The WHO confirmed 92 monkeypox cases in 12 countries
As many as 12 nations that are not endemic to the monkeypox virus have reported confirmed disease cases. Ongoing surveillance measures will bring out more disease cases globally, the World Health Organization (WHO) said in a press release about the outbreak.
According to Saturday's updated numbers, the disease that barely came into the news 10 days ago already has about 92 confirmed cases with another 28 suspected cases. So far, the U.S. has only one confirmed case of the virus in a person with no travel history to regions in Africa where the disease is endemic.
What is monkeypox and how does one get it?
Monkeypox is a zoonotic disease - a condition that is transmitted from animals to humans. While the first cases of monkeypox were observed in monkeys in 1958, the disease is transmitted by smaller animals such as rodents. Symptoms of the disease include unexplained rash and lesions as well as headaches, body aches, weakness, fever, and swollen lymph nodes.
Interestingly, these are also the symptoms of smallpox, a disease caused by a virus belonging to the same family called Poxviridae, but has been eradicated through vaccinations. Epidemiologists also suggest that smallpox vaccination can offer a certain degree of protection against the monkeypox virus as well. However, since eradicating the disease, smallpox vaccinations have been removed from inoculation drives in most countries.
Compared to smallpox, monkeypox is a relatively milder disease and resolves in a period of two-four weeks. However, the disease can get severe in certain groups such as immunocompromised individuals, pregnant women, and children. There are two main strains of the virus that causes these infections, and one is found more frequently in West Africa, while the other is found in the Congo River Basin region. The West African clade of the virus causes less severe disease and has a 3.6 percent cases fatality rate. In comparison, the other virus variant causes more severe disease and has a fatality rate of 10.6 percent, the press release said.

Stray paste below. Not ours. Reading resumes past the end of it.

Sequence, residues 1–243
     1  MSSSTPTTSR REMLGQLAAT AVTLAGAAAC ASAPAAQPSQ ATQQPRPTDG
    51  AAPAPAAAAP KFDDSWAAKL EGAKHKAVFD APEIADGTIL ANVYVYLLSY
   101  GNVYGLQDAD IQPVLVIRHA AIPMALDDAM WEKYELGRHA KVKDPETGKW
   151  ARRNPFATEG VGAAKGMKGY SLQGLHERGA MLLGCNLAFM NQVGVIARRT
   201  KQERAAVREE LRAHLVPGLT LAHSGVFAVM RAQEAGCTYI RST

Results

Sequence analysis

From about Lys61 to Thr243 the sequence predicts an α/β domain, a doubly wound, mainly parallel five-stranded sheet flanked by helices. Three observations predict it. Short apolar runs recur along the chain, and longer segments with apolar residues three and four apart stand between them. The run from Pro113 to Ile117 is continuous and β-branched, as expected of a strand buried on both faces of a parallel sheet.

Human to human transmission is relatively rare but has been documented through close contact with the lesions, body fluids, inhaling respiratory droplets, and coming in contact with contaminated material such as bedding. Although not exclusive, the cases reported so far have shown that the disease is spreading in men who have sex with men prompting health agencies to issue alerts to seek medical care if individuals find themselves with an unexplained rash and related symptoms. The incubation period for the infection can range from 5 to 21 days.
Efforts to stop the spread of the virus
In 2019, a vaccine against monkeypox was approved, while a drug, tecovirimat, was approved earlier this year. However, both these countermeasures are not widely available, the WHO has said. While no deaths have been reported so far, health agencies suspect that the virus is being transmitted at a community level, and more cases will be reported in due course of time.
Given its transmission route, the virus is unlikely to cause a pandemic like COVID-19. However, the WHO has recommended increasing surveillance using PCR-testing to confirm suspected cases that might show up at various healthcare settings ranging from primary care to sexual health clinics, fever clinics to dermatology clinics.
Patients confirmed by testing must isolate until their lesions have healed, the scan has fallen off, and a new layer of skin is formed underneath. After reporting four cases in the past week, Belgium has become the first country to introduce a 21-day quarantine for monkeypox patients, Politico reported.